The Pretty Things Are Going to Hell

November 18, 2013


The Pretty Things Are Going to Hell.
The Pretty Things Are Going to Hell (Omikron: The Nomad Soul (Stigmata mix)).
The Pretty Things Are Going to Hell (TOTP, 1999).
The Pretty Things Are Going to Hell (Late Show with David Letterman, 1999).
The Pretty Things Are Going to Hell (live, NetAid, 1999).
The Pretty Things Are Going to Hell (Musique Plus, 1999).
The Pretty Things Are Going to Hell (Nulle Part Ailleurs, 1999).
The Pretty Things Are Going to Hell (TVE 2, 1999).
The Pretty Things Are Going to Hell (live, 1999).

Then there’s “The Pretty Things Are Going to Hell.” That’s not a song, that’s a CV.

Ha ha! That was really dangling a carrot, wasn’t it?

Bowie, Q interview, October 1999.

Rock as put-down or stand-up, “The Pretty Things Are Going to Hell” began as a guitar riff that Reeves Gabrels cut in 20 minutes in February 1999, then earmarked the developing track for his solo album. In May, during the ‘Hours’ sessions in Bermuda, Bowie came up with a vocal; soon afterward in New York, Mark Plati added what he called a “boneheaded” bassline. Soon enough Bowie claimed the song, considering it a likely single, a good fit for a section of the Omikron video game “where they want[ed] something more rambunctious” and a potentially hot live piece.

He could have called it something like “The Dirty Things Are In Your Face” and let the track sink or swim by its own merits. Instead he impishly made it a reference/homage to (take your pick) the Stooges’ “Your Pretty Face is Going to Hell,” the band the Pretty Things, the Bo Diddley song which named said band, the two Pretty Things songs that Bowie covered on Pin Ups, Tin Machine’s “Pretty Thing” and his own.

Upon the album’s release, Bowie kept throwing out scenarios: it was like he was playing a game of charades with his song. In interviews (and on stage at the Roseland in 2000) he called the song a take-off (or “put-down”) of the early glam era. And talking to Chris Roberts for an Uncut feature, Bowie said he’d been inspired by Evelyn Waugh’s “bright young things” from Vile Bodies, itself the impetus of “Aladdin Sane.” “I think their day is numbered,” Bowie said of Waugh’s lovelies. “So I thought, well, let’s close them off. They wore it well but they did wear themselves out, y’know, there’s not much room for that now. It’s a very serious little world.” So “Pretty Things” was a coda for the pre-millennial blues of Outside: a world, hardening and shrinking, that has no space left for the glamsters and assorted fops who’d made the 20th Century remotely tolerable.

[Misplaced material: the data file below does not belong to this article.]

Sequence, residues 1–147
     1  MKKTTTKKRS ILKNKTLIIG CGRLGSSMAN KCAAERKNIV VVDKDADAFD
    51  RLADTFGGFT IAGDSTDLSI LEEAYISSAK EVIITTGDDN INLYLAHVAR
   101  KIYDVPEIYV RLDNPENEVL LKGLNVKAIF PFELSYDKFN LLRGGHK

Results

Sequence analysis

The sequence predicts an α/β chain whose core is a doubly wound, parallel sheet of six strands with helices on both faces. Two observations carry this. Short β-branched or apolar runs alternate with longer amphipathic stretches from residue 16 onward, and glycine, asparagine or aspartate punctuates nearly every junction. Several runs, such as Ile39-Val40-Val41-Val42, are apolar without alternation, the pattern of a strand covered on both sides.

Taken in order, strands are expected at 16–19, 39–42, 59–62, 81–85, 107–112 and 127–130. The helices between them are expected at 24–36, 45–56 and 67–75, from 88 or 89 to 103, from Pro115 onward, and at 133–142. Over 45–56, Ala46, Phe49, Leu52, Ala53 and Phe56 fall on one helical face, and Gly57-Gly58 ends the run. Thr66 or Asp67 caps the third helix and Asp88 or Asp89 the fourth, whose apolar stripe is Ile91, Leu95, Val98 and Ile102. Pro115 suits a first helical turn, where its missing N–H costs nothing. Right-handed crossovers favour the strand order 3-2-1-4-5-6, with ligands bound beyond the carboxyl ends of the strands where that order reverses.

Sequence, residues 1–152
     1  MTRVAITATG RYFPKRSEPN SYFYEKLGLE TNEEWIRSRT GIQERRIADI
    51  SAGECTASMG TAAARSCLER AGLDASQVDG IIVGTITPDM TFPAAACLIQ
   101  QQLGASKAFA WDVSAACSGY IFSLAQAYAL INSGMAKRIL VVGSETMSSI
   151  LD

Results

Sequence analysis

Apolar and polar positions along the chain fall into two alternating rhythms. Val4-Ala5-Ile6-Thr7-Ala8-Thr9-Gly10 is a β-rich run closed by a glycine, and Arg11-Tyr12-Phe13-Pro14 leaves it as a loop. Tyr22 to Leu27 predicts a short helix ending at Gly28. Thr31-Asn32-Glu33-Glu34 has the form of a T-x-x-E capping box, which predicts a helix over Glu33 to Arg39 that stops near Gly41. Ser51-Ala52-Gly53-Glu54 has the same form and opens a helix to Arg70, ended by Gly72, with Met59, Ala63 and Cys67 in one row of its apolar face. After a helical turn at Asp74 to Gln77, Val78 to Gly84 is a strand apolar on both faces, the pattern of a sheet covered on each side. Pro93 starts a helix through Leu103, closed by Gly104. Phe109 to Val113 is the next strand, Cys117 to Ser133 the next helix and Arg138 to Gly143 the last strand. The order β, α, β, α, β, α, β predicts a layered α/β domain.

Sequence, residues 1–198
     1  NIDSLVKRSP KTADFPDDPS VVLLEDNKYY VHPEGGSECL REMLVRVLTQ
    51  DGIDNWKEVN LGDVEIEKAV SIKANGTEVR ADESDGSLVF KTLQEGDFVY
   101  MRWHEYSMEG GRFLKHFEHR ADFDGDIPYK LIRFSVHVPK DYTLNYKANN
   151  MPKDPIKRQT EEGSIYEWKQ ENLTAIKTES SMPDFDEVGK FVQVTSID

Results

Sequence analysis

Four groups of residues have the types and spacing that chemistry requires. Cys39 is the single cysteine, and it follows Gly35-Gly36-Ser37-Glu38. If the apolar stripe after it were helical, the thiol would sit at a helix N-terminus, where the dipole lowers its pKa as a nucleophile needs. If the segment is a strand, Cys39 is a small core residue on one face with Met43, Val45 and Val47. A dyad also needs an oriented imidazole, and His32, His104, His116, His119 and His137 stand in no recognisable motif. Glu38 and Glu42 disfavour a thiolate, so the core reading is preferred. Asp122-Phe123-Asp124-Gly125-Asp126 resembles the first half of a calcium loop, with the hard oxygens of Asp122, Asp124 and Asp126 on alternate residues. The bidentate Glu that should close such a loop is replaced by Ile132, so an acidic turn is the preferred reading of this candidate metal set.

The interpretation Bowie offered that struck closest to home, though, was that “Pretty Things” was a comedy song: rock ‘n’ roll as a creaky burlesque. It was a dig at his current status and what had become of a once-“revolutionary” music at the end of the century. Picking through his career in a SPIN interview at the time, Bowie said “I wasn’t sure if I was doing songs or stand-up. Not that I minded. There’s a British thing where rock singers and comedians are envious of each other’s careers.” (True, that: how many rockers wished they were as cool as Peter Cook?).

Bowie complained to Addicted to Noise‘s Gil Kaufman that reviewers had bungled his favorite pun in the song, writing that he was moaning “life’s a bitch and then you die” when he actually was singing “life’s a bit and sometimes you die.” It’s stand-up! I wrote a song about stand-up! he snapped. You can go further on this line: what’s a stand-up routine but a man standing center-stage, trying to convert an indifferent, even hostile crowd of strangers to his side? It was a reminder that Bowie’s greatest achievement of the Nineties wasn’t the would-be concept albums or the hip collaborations. He had remade himself into a formidable live performer, and without using the crutch of nostalgia. “Pretty Things” may have been a spoof, but the few times he played it on stage in 1999 and 2000 it had a pushy, boisterous life in it.